Eculizumab Shows Positives Results in Cutting Relapses of Neuromyelitis Optica Spectrum Disorder

A phase 3 trial of eculizumab found the drug reduced the frequency of relapse neuromyelitis optica spectrum disorder (NMOSD), an autoimmune, inflammatory disorder that typically affects the optic nerves and spinal cord.
Allison Inserro
May 09, 2019
A phase 3 trial of eculizumab found the drug reduced the frequency of relapse neuromyelitis optica spectrum disorder (NMOSD), an autoimmune, inflammatory disorder that typically affects the optic nerves and spinal cord.

Results were published recently in The New England Journal of Medicine and discussed last week at the 2019 American Academy of Neurology Annual Meeting, May 4-10, 2019 in Philadelphia.

Eculizumab (Soliris) is a particularly high-cost biologic that treats rare and ultra-rare diseases, and that faces upcoming biosimilar competition from products in development by numerous manufacturers.

The study was funded by Alexion Pharmaceuticals, which makes the innovator product Soliris; in a statement, the company said the FDA is reviewing the drug under priority review and set a Prescription Drug User Fee Act (PDUFA) action date of June 28, 2019. The drug is also under review by the European Medicines Agency and the Japanese Pharmaceuticals and Medical Devices Agency for this indication.

Most cases of NMOSD are associated with aquaporin-4 antibodies (AQP4-IgG) and complement-mediated damage to the central nervous system. It affects mostly women and the prevalence is about 0.5 to 10 persons (predominantly women) per 100,000.

Immunosuppressive drugs, such as rituximab, are used off-label to prevent relapses in NMOSD, but 25% to 60% of patients receiving these medications continue to have recurrent attacks, which are frequently associated with complications such as blindness, paralysis, or even death. There is no currently approved treatment for NMOSD.

The randomized, double-blind, time-to-event trial took place at 70 sites in 18 countries. It assigned 143 adults in a 2:1 ratio to receive either intravenous eculizumab (at a dose of 900 mg weekly for the first 4 doses starting on day 1, followed by 1200 mg every 2 weeks starting at week 4) or a matched placebo.
The continued use of stable-dose immunosuppressive therapy was permitted, except for rituximab, because of a conflict between its mechanism of action and that of the terminal complement inhibitor in eculizumab.

The primary end point was the first adjudicated relapse. Secondary outcomes included the adjudicated annualized relapse rate, quality-of-life measures, and the score on the Expanded Disability Status Scale (EDSS), which ranges from 0 (no disability) to 10 (death).

The trial was stopped after 23 of the 24 prespecified adjudicated relapses, as decided by an independent panel, given that it wasn’t known when the last event would occur.

The patients who completed the trial could enter an extension trial and receive open-label treatment with eculizumab.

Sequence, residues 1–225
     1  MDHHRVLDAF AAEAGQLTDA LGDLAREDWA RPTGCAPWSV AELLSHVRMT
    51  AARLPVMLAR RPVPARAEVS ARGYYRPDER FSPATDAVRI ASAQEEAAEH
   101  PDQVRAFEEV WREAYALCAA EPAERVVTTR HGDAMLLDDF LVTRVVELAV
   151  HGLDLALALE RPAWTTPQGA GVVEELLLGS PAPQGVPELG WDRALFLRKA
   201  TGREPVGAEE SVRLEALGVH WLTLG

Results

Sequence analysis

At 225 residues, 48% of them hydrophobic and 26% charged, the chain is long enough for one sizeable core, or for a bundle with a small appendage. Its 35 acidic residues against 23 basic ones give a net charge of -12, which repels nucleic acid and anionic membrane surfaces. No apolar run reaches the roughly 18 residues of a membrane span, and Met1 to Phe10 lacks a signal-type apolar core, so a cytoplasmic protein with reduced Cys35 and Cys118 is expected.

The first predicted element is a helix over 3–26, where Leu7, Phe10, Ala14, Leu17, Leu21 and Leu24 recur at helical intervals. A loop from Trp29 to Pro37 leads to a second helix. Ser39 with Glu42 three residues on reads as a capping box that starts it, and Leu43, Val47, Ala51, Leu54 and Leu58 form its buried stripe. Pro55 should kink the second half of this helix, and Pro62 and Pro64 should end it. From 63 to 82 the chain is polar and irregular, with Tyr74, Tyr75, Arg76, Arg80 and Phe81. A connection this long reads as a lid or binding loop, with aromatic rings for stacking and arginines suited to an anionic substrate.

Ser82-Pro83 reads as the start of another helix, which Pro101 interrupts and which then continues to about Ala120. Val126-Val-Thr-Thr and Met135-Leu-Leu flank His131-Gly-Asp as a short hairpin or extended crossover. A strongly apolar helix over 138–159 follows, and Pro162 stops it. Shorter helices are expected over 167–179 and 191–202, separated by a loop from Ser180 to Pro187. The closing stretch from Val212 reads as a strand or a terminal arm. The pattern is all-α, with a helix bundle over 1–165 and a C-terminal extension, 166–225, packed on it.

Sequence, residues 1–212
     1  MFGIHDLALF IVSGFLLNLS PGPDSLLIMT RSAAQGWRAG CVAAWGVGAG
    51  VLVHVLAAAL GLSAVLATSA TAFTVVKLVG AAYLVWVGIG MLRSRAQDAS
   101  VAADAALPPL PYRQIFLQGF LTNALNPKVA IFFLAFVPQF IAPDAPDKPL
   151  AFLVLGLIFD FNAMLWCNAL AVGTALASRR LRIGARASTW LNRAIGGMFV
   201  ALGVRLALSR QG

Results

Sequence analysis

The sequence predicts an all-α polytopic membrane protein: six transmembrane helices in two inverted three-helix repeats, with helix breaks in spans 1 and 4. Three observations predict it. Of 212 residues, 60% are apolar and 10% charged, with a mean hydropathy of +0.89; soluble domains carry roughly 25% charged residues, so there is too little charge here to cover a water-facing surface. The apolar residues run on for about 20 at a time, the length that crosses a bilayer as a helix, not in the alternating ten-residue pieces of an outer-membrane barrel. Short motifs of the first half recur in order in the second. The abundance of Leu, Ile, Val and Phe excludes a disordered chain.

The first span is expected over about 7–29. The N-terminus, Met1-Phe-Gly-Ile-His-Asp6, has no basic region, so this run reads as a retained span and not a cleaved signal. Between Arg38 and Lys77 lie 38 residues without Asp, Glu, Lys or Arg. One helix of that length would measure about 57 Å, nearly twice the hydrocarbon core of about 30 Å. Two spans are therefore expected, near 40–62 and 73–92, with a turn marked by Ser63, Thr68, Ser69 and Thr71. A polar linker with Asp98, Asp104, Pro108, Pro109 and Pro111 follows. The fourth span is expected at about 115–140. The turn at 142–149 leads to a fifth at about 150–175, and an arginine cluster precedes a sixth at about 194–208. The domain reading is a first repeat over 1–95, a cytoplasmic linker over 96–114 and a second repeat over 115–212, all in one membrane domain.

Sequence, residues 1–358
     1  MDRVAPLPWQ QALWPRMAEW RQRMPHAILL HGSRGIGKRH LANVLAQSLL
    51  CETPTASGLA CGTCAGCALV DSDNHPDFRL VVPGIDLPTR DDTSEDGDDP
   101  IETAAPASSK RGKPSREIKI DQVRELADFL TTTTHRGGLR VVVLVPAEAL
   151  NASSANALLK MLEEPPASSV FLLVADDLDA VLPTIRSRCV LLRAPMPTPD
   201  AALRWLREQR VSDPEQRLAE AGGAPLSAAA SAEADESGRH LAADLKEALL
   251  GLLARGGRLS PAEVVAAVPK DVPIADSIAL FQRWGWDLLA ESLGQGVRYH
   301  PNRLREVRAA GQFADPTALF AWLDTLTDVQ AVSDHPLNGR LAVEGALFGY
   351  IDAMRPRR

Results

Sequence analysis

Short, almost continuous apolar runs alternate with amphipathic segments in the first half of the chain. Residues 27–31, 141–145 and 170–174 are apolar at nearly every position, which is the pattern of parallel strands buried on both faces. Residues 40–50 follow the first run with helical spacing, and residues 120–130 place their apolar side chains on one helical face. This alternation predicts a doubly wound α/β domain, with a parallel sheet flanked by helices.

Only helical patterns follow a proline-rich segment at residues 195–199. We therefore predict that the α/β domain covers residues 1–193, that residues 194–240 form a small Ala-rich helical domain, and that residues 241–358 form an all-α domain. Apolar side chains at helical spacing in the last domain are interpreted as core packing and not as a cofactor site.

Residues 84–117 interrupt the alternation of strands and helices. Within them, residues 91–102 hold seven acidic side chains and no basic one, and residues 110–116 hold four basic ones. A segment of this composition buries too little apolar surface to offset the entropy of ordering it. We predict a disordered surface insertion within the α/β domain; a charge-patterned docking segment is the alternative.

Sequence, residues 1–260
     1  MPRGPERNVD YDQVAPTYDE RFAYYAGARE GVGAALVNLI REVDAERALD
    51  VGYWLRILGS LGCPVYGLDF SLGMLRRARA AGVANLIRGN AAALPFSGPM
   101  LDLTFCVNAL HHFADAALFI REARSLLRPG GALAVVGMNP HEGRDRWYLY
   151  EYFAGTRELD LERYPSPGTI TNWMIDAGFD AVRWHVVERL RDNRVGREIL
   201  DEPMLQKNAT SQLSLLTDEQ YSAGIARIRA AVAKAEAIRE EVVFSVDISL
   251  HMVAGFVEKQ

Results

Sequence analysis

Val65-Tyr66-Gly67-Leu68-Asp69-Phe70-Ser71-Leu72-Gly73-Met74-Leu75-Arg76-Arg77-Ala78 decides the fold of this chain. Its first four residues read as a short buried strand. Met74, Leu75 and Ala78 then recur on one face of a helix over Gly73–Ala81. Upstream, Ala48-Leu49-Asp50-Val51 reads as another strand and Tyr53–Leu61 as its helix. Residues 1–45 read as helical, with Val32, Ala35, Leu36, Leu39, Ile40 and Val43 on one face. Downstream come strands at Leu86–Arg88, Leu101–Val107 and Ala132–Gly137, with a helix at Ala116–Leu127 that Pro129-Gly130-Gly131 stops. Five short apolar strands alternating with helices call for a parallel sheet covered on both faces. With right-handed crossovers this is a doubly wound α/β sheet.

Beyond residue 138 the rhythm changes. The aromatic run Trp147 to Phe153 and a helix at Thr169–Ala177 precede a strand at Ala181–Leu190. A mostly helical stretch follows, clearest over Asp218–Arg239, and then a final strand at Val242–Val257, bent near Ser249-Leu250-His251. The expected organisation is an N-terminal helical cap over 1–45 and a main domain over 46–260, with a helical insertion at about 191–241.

The mean (SD) annualized relapse rate in the 24 months before enrollment was 1.99 (0.94); 76% of the patients continued to receive their previous immunosuppressive therapy during the trial. Adjudicated relapses occurred in 3 of 96 patients (3%) in the eculizumab group and 20 of 47 (43%) in the placebo group (hazard ratio, 0.06; 95% confidence interval [CI], 0.02-0.20; P <.001).

The adjudicated annualized relapse rate was 0.02 in the eculizumab group and 0.35 in the placebo group (rate ratio, 0.04; 95% CI, 0.01-0.15; P <.001).

The mean change in the EDSS score was –0.18 in the eculizumab group and 0.12 in the placebo group (least-squares mean difference, –0.29; 95% CI, –0.59 to 0.01). Upper respiratory tract infections and headaches were more common in the eculizumab group. There was 1 death from pulmonary empyema in the eculizumab group.

The researchers say there was no significant between-group difference in measures of disability progression.

The study had several limitations, according to the researchers. Among them, since only patients with AQP4-IgG antibodies were included, the findings cannot be generalized to patients without AQP4-IgG antibodies. In addition, no formal inferences could be made about other disability and quality-of-life outcomes overall, because the trial design precluded follow-up beyond 6 weeks after a single relapse and because the confidence interval for the between-group difference in the change from baseline in the EDSS score included zero in hierarchical testing, which implies there was no benefit of the drug on disability progression during the short trial. In addition, treating physicians identified more relapses than the adjudication committee.

However, the study said that was mostly due “to the interpretation of the objective change in the neurologic examination, which we assessed as reflecting concern among treating physicians that relapses should not be overlooked.”

Despite that, the study “a significantly lower risk of relapse with eculizumab than with placebo was apparent in the sensitivity analysis of physician-determined relapses.”

Reference
Pittock SJ, Berthele A, Fujihara K, et al. Eculizumab in aquaporin-4–positive neuromyelitis optica spectrum disorder [published online May 3, 2019]. NEJM. doi: 10.1056/NEJMoa1900866.


 

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